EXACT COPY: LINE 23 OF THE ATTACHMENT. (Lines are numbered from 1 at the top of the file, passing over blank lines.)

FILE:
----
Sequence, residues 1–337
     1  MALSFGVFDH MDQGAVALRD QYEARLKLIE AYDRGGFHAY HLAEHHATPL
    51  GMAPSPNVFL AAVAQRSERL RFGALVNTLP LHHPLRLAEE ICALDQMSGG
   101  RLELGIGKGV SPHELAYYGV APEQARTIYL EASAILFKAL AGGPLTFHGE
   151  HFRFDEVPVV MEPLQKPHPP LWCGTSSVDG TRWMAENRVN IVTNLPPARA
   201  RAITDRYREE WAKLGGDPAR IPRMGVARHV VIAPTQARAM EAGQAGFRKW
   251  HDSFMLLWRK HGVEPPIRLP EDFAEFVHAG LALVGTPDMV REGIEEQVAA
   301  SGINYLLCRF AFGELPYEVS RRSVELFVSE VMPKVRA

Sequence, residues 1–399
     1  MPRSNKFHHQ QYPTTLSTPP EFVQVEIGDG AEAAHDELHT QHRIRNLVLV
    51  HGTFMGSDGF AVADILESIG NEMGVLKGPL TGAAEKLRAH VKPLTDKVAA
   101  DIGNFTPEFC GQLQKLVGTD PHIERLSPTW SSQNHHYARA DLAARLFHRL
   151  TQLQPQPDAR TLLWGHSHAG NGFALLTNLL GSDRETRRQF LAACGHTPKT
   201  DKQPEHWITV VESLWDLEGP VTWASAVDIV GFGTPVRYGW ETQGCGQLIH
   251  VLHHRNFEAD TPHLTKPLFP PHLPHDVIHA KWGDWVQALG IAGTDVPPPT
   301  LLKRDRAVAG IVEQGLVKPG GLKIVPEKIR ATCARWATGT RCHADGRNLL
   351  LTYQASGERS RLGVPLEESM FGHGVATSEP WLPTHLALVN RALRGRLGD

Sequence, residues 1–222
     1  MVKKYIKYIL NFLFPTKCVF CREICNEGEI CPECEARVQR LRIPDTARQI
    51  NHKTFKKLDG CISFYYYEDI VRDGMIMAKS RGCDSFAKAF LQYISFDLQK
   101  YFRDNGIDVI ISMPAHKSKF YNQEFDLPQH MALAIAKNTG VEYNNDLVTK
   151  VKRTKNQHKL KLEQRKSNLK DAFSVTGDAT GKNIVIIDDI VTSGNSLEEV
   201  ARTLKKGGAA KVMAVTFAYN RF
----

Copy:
   201  ARTLKKGGAA KVMAVTFAYN RF